Nature Play QLD

ASPECT insights
Nature Play QLD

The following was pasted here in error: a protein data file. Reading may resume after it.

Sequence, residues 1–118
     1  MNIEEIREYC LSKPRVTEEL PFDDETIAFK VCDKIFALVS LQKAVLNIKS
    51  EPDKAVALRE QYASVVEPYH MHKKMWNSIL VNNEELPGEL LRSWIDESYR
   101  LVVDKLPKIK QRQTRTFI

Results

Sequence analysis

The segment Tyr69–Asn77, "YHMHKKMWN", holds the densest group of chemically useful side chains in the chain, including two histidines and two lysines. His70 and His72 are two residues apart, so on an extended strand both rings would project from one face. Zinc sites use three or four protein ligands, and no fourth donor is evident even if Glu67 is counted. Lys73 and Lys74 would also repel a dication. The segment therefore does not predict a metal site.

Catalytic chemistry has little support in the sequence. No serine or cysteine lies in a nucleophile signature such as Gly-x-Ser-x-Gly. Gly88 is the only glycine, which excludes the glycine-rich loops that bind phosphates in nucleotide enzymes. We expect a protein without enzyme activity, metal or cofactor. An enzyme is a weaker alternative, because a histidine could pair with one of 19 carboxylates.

NATUREPLAY_ASPECTSTUDIOS5   As a human-focused studio committed to designing for people both big and small, we were thrilled to be part of a recent panel of local thought leaders to help develop a roadmap for a children’s nature play in the early childhood space.   Nature Play QLD invited us to participate in an initial workshop to test and discuss the materials and format that will shape future nature play workshops.   We have great respect for Nature Play QLD – they aim to increase the time Queensland kids spend in unstructured play outdoors and in nature and the organisation is founded on the principal that this kind of nature play is fundamental to a healthy and fulfilling childhood. Supported by the Queensland Government, Nature Play QLD works with partner groups to encourage the Queensland community to see the value of nature play and to support families to make it a priority in children’s lives.   The organisation is inspired by the ideas of American social commentator and founder of the Children & Nature Network, Richard Louv. Richard is also an author of numerous books that have helped launch an international movement to connect children and their families to nature.   Nature Play QLD’s programs include Nature Family Clubs, which are made up of families that come together to share outdoor adventures and re-connect with nature. The Neighbourhood Nature Play program is another initiative - it aims to reverse the trend toward greater indoor, highly structured, technologically immersed play spaces and reinstate largely outdoor, social and community orientated play for kids.   Our Brisbane Studio Director, Deb Robbins was part of the recent nature play project workshop. Her presentation was based on experiences in nature play administration and how early childhood settings can be organised and programs implemented. She discussed the nuts and bolts of getting the nature play program off the ground. Buzzing with the potential of human spirit, she looked at what may be possible for the future of early childhood spaces and compared it with what is already in place to encourage nature play for kids. The conclusion was that it is indeed time for a change.   Deb reminded other members of the panel that a good play space evolves and is never really finished. We look forward to being part of this ongoing journey to improve the way children interact with the natural spaces around them. Return to News   NATUREPLAY_ASPECTSTUDIOS3 NATUREPLAY_ASPECTSTUDIOS2